Journalists Say Press Freedom Sliding in Europe     Print Email

Some major European governments are interfering more and more with the media in their countries, according to a report by working journalists. The 2009 annual survey released by Reporters Without Borders, a non-governmental organization based in Paris, said that the downgrading included several leading members of the European Union, notably Italy.

The European decline is only relative: Western democracies still occupy all top 20 slots. But EU nations are slipping, and the trend eases pressure authoritarian regimes about their treatment of media and could open the way to creeping infringement of Western free-press standards. The back-sliding by some European nations reflects several trends: intimidation by criminals who are not vigorously prosecuted by the authorities; political pressures on their media by some Western leaders; and an insidious tendency by some governments to seek accommodation with Islamic activists on the terms of these pressure groups.

All these separate problems can combine to erode the independence of the media in all European countries, and the trend is unmistakable, according to the media watchdog group.  

True, first place in the 2009 rankings was a five-way EU tie (Denmark, Finland, Ireland, Norway and Sweden), and EU member states still hold the first 13 places in the ranking. Significantly, however, some EU powers have continued to skid, notably France (now falling to 43rd) and Italy (down to 49th). The U.S. rose to 20th (from 36th last year) thanks to what the survey’s editors call the “Obama effect,” meaning the impact of Obama’s less hawkish and more liberal approach in comparison to former President George W. Bush. (In a separate “non-territorial” category, the U.S. is relegated to 108th worldwide on the basis of what happens in places where journalists are regulated by the American military.)

Kazakhstan, the incoming chair country of the Organization for Security and Cooperation in Europe, got its worst-ever ranking since the index began in 2002, with this year’s survey citing “intimidation and violence against journalists and the prolongation of a law that subjects websites to the same restrictions as the traditional media.”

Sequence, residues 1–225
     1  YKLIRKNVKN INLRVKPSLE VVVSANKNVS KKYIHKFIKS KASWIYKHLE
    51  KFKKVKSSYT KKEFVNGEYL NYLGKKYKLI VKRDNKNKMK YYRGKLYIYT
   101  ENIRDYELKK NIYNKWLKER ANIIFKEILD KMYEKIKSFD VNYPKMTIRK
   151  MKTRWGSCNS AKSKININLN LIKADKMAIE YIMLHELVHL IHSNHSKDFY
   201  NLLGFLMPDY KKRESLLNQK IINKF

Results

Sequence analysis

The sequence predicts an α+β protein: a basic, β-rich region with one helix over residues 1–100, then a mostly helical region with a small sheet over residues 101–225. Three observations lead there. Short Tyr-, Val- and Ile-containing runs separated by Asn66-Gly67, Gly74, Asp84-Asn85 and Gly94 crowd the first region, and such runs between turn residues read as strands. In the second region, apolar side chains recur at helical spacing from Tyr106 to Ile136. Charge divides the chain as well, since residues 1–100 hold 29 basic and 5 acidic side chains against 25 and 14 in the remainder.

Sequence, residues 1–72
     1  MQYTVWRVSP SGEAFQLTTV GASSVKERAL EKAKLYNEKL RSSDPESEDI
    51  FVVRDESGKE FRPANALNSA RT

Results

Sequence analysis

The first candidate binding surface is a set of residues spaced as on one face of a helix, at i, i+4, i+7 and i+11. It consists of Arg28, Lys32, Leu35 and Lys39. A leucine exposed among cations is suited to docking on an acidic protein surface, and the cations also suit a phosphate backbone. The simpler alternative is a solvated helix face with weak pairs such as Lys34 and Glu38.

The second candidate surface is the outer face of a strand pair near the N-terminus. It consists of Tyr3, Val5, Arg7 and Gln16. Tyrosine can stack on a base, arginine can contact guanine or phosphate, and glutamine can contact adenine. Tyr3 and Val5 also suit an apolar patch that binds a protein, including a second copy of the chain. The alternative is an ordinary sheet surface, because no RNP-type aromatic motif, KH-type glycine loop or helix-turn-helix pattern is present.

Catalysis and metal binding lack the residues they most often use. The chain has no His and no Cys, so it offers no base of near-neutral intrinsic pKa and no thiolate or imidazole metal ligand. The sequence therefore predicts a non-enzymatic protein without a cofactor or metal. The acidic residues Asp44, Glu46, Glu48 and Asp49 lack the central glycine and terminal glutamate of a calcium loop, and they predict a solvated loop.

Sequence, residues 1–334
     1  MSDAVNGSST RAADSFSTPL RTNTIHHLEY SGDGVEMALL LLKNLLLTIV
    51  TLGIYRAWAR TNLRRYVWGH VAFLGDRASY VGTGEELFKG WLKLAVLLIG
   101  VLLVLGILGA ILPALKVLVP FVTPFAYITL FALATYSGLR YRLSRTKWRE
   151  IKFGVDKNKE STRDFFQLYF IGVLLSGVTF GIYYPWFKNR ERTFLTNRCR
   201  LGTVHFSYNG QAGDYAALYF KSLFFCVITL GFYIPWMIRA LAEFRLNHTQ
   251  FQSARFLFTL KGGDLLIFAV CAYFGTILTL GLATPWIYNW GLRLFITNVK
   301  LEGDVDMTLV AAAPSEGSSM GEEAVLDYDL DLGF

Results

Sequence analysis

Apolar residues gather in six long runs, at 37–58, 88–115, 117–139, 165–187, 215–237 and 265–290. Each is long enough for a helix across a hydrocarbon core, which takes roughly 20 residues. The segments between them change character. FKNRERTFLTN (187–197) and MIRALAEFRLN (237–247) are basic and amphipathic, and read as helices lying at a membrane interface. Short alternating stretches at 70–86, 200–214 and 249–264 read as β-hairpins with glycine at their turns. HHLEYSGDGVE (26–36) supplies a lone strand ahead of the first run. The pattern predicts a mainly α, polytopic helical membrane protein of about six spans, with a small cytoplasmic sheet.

In the report, 11 countries of the first 15 are EU member states, but countries from “old Europe” have declined, now accounting for only 15 of the 20 leading countries (compared with 18 in 2008).  Denmark gets credit for standing up for free speech in the controversy over the cartoons lampooning Islam’s prophet, Mohammed. 

The results of the survey, which covers 175 countries, are based on a questionnaire measuring 40 variables and sent to a network of 130 correspondents around the world. The data are synthesized and analyzed by a team at Reporters Without Borders. The group is viewed as militant (and even unruly on occasion). But its general findings about trends in press freedom are congruent with other studies about the situation in specific countries.  

The lowest-ranked EU member, Bulgaria, has been falling steadily since its EU adhesion in 2007: it is now 68th – falling from 59th in 2008. The biggest one-year fall of any EU member was recorded by Slovakia, which sank 37 places to 44th place. This was mainly the result of government meddling in media activities and the adoption in 2008 of a law imposing a draconian “right of response” by aggrieved parties. Two candidates for EU membership also suffered dramatic falls – Croatia (78th) fell 33 places and Turkey (112th) fell 20 places.